Aaron, not a problem---I get that all the time, esp. from professionals. BPM used to be called Black Carbon, Black Soot or similar terms until testing began revealing it wasn't always carbonaceous soot based. I have posted at length on this site several times so before I repeat, please do a little searching. I will leave you with the notion the 'stuff' you see can be a variety of things and often is a combination such as aerolized long chain aliphatic hydrocarbons, dust, mold, dirt, insulation particles to even tiny chunks of food. Even if it is hydrocarbon based, you would need to distinguish btw a gaseous fuel versus a solid or liquid based fuel to determine the probable source and thus guide remediation.

    Ron, sorry I don't have something canned for you. If you read my posts, I'm sure you can cook up something for now. I'll see what I can do.

    JP, be careful with high MERV filters--the HVAC guys love them............because they cause so much restriction they burn up the blower motors! They can also whack out the delta T and combustion efficiency. I'll try to get Davidr to comment on that aspect. Just remember the primary function of a filter is to protect the A coil---not your lungs and ANY change to the ducts including duct sealing has a cause and effect.

    Raymond, I agree with duct sealing. In fact, it's in the codes now. However, since it makes a change to the system, it should be followed up by combustion analysis.

    Scott, yes, I've seen ONE jar candle trash a home in just a day or two. When they get down near the bottom of the jar, there is very little O2 getting in, retention of CO2, which displaces the O2, exhaust fume turbulence and incomplete combustion causing much higher production of soot and unburned aerosolized fuel. These particulates act like fly paper to collect other particulates (reported pets in the home) and yes, you can have the creeping crud manifest very quickly. BTW, what you are seeing is only the tip of the iceberg. See Jim Luttral's comments about plating out, which is correct. There are other predictable points of deposition and these are determined by the type of particulate and the mechanism of delivery.

    Could have been someone just changing the vacuum sweeper bag right in front of a return, too. You just never know.

    Keep in mind filters are not gasketed and, in fact as we all sadly know, most fit rather sloppily in the rack. That means you have blow-by so next stop is the blower, then HX, then A coil, ducts, then your lungs and house surfaces. Cleaning/ replacing just the filter doesn't make all that stuff just disappear. It must be mechanically removed/ cleaned= expensive.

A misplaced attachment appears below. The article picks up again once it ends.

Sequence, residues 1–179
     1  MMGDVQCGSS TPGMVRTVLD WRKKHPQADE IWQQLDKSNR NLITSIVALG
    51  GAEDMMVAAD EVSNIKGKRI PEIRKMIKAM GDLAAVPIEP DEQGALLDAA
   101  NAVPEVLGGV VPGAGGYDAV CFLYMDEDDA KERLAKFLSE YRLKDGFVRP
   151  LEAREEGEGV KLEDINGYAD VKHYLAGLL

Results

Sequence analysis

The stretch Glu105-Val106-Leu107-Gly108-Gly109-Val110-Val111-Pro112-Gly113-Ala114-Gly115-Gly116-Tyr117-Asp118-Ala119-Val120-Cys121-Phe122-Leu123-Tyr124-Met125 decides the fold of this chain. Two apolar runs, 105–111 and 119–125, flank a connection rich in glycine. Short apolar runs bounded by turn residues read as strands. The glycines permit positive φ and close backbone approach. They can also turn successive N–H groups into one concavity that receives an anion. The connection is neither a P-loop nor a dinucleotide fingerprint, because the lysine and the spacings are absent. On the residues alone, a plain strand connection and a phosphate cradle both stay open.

FYI, most insurance companies will pay for this remediation then try to subrogate against the suspected offender.

    HTH,
    Bob

    Keep the fire in the fireplace.

  18. #18
    Jerry Peck's Avatar
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    Default Re: BPM?

    Quote Originally Posted by Bob Harper View Post
    JP, be careful with high MERV filters--the HVAC guys love them............because they cause so much restriction they burn up the blower motors! They can also whack out the delta T
    That would actually help the TD by slowing the air flow down, air spending more time over the coil would raise the TD.

    and combustion efficiency.
    That I have no idea about.

    I'll try to get Davidr to comment on that aspect.
    Thanks, that would be great.

    Just remember the primary function of a filter is to protect the A coil---not your lungs and ANY change to the ducts including duct sealing has a cause and effect.
    Yep, that I agree with and know.

    As I said, I've been using them about 6 years (maybe even longer) and have had no problem with the equipment, and in fact they keep the coil cleaner (that IS the intended purpose, is it not ). And by keeping the coil cleaner ... it also keeps the air cleaner.

    In South Florida, we replaced the a/c system in 1996 with a 14.6 SEER unit (high end at that time), started using those filters probably around 2002 or so (not sure) and had no problems on that system after using them, kept everything cleaner too.

    Up here, the a/c system is from 1995, we bought the house in 2006 and have been using them since then with no problems on the units.

    Had an a/c technician replace the capacitor when it went bad last month and he checked the system and said it was operating better than almost any he has seen of that age, and cleaner too (and we have not had the coil cleaned since we bought it and have no idea when it was cleaned before that, if ever).

    While those filters DO restrict the air flow per "square inch of return opening size", the pleating effect of the filters offers a much greater "square inch filter size", reducing, if not eliminating, the restriction effect.